The White House won't make an extension of the unemployment benefits program set to expire at the end of the year a mandatory clause of the emerging budget deal.
"[It would be] terrible to tell more than a million families across the country just a few days after Christmas that they're out of benefits," Press Secretary Jay Carney said Friday.
However, the White House doesn't care how the extension happens, as "the vehicle that they use to do that is less important than the fact that they do it," said Carney.
According to Democrats, 1.3 million workers will lose their federal unemployment benefits, which kick in after state benefits are all used, and after Dec. 28 without an extension, The Hill reports
But Republicans pointed out that 204,000 jobs were added last month, and unemployment dropped to 7 percent — its lowest percentage since November 2008.
House Minority Leader Nancy Pelosi, D-Calif., also said Thursday that the extension does not need to be part of a budget deal, a change from statements she made during a Democratic panel on unemployment insurance. At that time, she claimed her party could not support a budget without the extensions as part of it.
However, Patty Murray, the Senate Democrat's top budget negotiator, is reportedly pushing House Budget Committee leader Paul Ryan, R-Wis., to include an extension of the benefits in the budget deal, reports Politico
Democrats argued Friday that including the extension could help win their support for a budget deal, but Ryan fears the push will prompt Republicans to reject the overall budget proposal. The extension could create 200,000 jobs, but cost up to $25 billion.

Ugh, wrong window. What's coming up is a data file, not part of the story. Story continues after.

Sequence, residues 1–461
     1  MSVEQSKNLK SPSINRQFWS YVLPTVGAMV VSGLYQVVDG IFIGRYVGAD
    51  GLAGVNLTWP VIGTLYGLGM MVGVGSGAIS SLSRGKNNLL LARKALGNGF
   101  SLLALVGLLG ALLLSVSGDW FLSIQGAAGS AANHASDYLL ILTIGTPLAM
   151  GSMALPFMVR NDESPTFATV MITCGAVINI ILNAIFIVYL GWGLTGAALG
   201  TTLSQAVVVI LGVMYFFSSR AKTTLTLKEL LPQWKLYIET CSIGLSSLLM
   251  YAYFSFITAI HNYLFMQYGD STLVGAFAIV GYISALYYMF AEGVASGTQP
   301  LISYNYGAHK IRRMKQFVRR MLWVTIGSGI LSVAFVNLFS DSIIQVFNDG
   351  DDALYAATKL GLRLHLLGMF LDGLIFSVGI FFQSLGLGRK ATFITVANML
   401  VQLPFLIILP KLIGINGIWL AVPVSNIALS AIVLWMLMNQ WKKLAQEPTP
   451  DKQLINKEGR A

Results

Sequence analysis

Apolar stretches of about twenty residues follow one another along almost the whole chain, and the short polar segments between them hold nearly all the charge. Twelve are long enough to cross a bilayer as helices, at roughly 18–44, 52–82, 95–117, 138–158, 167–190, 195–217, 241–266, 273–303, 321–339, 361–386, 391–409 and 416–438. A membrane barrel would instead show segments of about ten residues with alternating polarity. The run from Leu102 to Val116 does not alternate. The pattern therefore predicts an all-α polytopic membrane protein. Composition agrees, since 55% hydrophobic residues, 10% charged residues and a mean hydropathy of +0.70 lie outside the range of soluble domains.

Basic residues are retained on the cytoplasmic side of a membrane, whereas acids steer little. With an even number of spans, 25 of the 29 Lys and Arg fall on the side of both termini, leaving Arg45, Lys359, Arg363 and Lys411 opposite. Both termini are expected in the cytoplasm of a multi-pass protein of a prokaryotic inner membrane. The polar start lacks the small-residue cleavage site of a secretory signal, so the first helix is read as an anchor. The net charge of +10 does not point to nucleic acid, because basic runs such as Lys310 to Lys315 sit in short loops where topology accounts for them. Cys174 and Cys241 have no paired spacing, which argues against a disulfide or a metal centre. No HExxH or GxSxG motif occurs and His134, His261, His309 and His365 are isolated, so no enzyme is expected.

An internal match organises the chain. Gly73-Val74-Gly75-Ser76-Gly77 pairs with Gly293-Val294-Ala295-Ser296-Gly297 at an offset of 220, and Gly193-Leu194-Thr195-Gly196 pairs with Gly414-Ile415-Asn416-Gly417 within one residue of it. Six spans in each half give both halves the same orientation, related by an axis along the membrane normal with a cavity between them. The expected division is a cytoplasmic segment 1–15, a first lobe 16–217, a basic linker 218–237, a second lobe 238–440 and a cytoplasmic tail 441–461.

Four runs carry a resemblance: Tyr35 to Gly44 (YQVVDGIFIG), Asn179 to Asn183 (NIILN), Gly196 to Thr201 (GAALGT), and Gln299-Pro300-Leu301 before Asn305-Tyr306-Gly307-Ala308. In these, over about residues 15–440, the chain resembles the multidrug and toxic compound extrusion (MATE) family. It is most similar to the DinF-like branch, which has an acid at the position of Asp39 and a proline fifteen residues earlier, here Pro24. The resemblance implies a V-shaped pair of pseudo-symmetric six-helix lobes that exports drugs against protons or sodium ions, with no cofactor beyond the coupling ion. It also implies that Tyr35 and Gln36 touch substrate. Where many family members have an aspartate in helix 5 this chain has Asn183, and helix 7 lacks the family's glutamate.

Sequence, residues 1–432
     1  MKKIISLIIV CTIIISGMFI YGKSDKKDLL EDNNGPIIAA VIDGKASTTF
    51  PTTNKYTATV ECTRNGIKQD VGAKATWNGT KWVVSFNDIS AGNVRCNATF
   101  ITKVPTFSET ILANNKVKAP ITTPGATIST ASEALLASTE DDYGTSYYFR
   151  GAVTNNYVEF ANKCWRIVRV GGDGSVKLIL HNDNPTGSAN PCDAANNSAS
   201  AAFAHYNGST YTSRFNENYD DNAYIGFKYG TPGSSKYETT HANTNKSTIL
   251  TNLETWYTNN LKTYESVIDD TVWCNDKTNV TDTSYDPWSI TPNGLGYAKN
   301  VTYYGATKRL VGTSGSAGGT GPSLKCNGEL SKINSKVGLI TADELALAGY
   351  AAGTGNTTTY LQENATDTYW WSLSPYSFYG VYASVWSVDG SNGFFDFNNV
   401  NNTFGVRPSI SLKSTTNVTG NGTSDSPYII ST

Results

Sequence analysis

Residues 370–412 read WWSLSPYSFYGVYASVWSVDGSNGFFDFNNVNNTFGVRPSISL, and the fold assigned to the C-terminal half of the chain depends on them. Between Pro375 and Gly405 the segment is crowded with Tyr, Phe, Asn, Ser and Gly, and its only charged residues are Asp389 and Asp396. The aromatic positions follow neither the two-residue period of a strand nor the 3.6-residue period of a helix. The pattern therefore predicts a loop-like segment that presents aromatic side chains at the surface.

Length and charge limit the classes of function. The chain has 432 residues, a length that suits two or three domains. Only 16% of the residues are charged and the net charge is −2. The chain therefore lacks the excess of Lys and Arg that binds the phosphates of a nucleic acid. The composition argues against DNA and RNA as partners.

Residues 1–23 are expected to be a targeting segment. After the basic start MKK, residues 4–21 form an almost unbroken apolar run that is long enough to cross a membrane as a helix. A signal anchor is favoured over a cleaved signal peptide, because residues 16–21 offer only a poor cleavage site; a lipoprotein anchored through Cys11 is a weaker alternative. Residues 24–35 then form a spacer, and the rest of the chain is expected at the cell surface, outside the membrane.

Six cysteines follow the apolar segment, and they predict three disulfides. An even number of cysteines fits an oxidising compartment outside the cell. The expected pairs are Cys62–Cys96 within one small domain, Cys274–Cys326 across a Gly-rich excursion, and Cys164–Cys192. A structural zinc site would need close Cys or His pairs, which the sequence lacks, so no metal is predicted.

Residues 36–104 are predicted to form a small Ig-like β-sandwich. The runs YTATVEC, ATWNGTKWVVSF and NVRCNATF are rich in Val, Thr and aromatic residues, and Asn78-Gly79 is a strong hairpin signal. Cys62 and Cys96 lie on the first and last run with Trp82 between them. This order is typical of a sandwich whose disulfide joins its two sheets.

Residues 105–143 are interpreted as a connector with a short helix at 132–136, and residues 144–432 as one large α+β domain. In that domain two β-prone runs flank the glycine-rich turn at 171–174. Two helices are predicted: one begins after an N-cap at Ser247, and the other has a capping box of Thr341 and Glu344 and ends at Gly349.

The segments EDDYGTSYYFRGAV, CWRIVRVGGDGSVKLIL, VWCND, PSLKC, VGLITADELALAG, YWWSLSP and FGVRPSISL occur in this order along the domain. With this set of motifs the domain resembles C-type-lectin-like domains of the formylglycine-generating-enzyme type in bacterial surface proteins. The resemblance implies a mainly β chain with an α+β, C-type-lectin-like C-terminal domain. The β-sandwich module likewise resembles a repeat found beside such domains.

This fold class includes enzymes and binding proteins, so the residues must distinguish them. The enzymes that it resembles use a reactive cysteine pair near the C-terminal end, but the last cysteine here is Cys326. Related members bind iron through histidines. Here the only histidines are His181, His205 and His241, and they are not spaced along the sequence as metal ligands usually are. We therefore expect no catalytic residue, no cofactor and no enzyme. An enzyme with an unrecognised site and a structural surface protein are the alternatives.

"This literally came out of nowhere yesterday, and it is totally disingenuous of them to put this in play at this point," one Republican familiar with the talks told Politico. "They know the impact this will have on our side of the aisle, so I can only read this as a deliberate attempt to blow up any deal."
While Democrats like Pelosi are saying the issue won't jeopardize the budget deal, there are other items facing Ryan and Murphy, including a disagreement over cuts Ryan is pushing on to federal workers' retirement programs.
But both sides Friday said they're sure they can come up with a smaller budget plan, and plan to work through the weekend in hopes of displaying a proposal before the House adjourns for the year on Dec. 13.
Even if the House reaches a deal, it will likely be in the form of legislation rather than a non-binding budget resolution. This will mean opponents in the Senate can mount a filibuster against it, which means the bill would need bipartisan support and votes from 60 senators to pass. However, legislation gives Ryan and Murray more room to enact policy changes.
Ryan has proposed $120 billion in federal worker benefit cuts over a decade, by asking federal workers to pay more on their pensions. Meanwhile, President Barack Obama wants a level of around $20 billion, reports Politico.
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